Here is the full transcript of Rebecca Bellingham’s TEDx Talk: Why We Should All Be Reading Aloud to Children at TEDxYouth@BeaconStreet.
15 years ago, I was a teaching artist in the New York City public schools, and one of my projects was adapting and directing a production of “Charlotte’s Web” with a group of third graders at PS 220, the Mott Haven Village School in the South Bronx. As a way to begin our work together, I read aloud the first chapter from EB White’s famous and beautiful book.
As some of us may recall, the story begins with Fern learning that her father, Mr Arable, is off to the hoghouse to kill the runt of the litter with his axe. “Please don’t kill it,” she sobbed, “It’s unfair.”
Mr Arable stopped walking. “Fern,” he said gently, “you will have to learn to control yourself.”
“Control myself?” yelled Fern; “This is a matter of life and death, and you talk about controlling myself?”
Tears ran down her cheeks, and she took hold of the axe and tried to pull it out of her father’s hand.
Well, the pig is saved, and later that morning, Fern discovers a carton on her chair at breakfast. As she approached her chair, the carton wobbled, and there was a scratching noise. Fern looked at her father, then she lifted the lid of the carton. There, inside, looking up at her was the newborn pig. It was a white one. The morning light shone through its ears, turning them pink.
“He is yours,” said Mr Arable, “Saved from an untimely death. And may the good Lord forgive me for this foolishness.”
Fern couldn’t take her eyes off the tiny pig “Oh!” she whispered, “Oh! Look at him! He is absolutely perfect.”
She closed the carton carefully, for she kissed her father, then she kissed her mother, then she opened the lid again, lifted the pig out and held it against her cheek.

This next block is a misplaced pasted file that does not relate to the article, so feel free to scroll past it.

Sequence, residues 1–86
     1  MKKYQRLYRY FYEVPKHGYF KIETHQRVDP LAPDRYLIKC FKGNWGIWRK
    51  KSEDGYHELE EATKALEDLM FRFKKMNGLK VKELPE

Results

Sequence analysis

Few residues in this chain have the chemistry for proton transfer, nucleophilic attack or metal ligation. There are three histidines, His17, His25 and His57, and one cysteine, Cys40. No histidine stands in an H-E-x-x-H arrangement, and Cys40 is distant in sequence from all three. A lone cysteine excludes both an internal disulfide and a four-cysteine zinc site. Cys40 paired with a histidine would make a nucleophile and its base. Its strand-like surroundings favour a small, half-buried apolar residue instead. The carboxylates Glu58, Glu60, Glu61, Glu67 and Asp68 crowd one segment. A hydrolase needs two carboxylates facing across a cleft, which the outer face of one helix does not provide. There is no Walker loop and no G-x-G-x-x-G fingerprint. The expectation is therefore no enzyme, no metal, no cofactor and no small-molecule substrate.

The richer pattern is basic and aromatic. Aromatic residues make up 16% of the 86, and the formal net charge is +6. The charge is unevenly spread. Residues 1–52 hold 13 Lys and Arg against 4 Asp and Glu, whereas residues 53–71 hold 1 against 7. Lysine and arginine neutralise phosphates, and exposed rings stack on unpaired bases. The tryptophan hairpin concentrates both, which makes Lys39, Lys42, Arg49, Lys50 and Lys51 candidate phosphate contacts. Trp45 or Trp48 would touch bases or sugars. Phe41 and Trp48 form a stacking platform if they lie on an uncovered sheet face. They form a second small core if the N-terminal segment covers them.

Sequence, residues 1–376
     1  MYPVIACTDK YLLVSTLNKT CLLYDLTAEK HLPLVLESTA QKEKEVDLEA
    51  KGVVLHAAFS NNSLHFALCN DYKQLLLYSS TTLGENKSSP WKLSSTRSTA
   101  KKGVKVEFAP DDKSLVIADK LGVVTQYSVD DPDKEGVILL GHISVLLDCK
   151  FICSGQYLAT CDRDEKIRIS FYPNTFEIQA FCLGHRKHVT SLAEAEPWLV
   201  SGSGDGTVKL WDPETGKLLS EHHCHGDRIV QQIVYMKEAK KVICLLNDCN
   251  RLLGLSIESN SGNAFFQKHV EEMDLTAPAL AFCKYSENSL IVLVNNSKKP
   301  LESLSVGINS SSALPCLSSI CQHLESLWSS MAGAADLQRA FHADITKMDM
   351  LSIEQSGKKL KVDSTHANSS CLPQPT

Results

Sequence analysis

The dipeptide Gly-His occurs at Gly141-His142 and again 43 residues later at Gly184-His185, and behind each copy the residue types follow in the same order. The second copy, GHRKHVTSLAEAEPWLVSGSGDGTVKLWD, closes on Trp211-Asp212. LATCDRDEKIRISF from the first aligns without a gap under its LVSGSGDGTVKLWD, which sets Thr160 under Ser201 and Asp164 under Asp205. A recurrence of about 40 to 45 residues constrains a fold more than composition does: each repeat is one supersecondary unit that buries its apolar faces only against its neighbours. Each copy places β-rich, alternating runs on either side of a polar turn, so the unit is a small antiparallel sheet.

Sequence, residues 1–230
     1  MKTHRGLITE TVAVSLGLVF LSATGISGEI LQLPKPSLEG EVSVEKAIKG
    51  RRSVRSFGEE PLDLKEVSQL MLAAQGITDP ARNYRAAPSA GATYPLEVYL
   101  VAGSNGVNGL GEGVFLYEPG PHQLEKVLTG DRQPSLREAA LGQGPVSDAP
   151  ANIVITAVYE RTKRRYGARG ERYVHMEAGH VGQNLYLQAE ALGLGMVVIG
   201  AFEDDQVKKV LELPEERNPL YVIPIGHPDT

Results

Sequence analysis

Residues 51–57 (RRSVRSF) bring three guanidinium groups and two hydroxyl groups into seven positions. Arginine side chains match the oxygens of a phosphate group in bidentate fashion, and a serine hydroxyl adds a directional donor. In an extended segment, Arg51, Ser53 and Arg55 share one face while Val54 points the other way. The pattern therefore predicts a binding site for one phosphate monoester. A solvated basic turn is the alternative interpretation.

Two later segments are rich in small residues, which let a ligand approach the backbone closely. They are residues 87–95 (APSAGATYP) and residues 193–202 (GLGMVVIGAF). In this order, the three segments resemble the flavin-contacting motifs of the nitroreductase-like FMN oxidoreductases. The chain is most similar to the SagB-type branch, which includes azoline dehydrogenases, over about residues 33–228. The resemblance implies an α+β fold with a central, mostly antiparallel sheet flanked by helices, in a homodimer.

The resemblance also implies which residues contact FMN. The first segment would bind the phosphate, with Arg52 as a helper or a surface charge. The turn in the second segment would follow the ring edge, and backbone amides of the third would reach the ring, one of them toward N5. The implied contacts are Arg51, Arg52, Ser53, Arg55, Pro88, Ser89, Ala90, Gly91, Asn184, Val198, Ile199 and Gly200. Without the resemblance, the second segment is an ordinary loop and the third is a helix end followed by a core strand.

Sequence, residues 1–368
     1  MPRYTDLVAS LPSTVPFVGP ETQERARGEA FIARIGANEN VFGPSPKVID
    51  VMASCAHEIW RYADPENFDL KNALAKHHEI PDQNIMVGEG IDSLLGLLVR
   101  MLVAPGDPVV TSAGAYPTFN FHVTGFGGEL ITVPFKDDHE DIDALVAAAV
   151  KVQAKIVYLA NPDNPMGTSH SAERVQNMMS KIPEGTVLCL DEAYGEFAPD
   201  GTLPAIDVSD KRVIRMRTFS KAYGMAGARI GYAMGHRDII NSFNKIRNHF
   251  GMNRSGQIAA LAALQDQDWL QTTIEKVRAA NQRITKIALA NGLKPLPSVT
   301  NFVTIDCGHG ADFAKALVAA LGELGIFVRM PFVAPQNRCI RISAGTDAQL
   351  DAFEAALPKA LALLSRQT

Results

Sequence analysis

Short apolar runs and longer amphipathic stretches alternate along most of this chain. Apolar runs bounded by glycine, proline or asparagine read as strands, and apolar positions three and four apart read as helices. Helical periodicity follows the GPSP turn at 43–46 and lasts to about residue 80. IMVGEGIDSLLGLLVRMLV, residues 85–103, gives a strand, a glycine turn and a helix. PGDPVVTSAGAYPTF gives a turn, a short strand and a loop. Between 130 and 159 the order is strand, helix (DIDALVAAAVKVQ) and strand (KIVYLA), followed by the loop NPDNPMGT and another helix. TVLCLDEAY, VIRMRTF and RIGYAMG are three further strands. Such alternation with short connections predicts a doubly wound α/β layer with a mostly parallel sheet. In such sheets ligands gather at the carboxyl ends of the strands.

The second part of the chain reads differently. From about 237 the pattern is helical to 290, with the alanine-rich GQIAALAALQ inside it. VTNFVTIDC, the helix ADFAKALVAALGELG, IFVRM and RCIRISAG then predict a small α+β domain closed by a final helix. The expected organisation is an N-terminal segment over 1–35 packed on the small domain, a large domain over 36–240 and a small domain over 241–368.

Well, when I finished reading the chapter, the kids lined up for lunch, and a little boy named Joey tugged at my sleeve and he said, “Miss B, I felt like I was right there. Like, I could really see that little pig. I never got inside a book before like that.”
Well, I was thrilled that Joey was enjoying the story, but, to be perfectly honest, at the time, I was much more concerned with how in the world we were going to make all those farm animal costumes just using pillow cases, and whether the kids would memorize all their lines or not. They did. And we did.
And every time I visited that classroom, the kids couldn’t wait for me to read aloud to them again. For all the kids in the audience: would you raise your hand if you really like it when teachers read aloud to you or parents read aloud to you? Or adults? Do you remember being read to? And loving it?
Well, I’ve been an educator for almost 20 years. And I’ve read thousands and thousands of pages aloud. And I’ve never met a group of kids who didn’t love it, who were immune to the spell of a great book being read aloud. As a teacher and a mom, I can’t think of many things that matter as much as reading aloud to our kids. At all ages. At school and at home.
Because reading aloud gives kids a special kind of access to the transformative power of story, and the experience of what real reading is all about, which is to deeply understand, to think, to learn and discuss big ideas about the world, about the lives of others and about ourselves.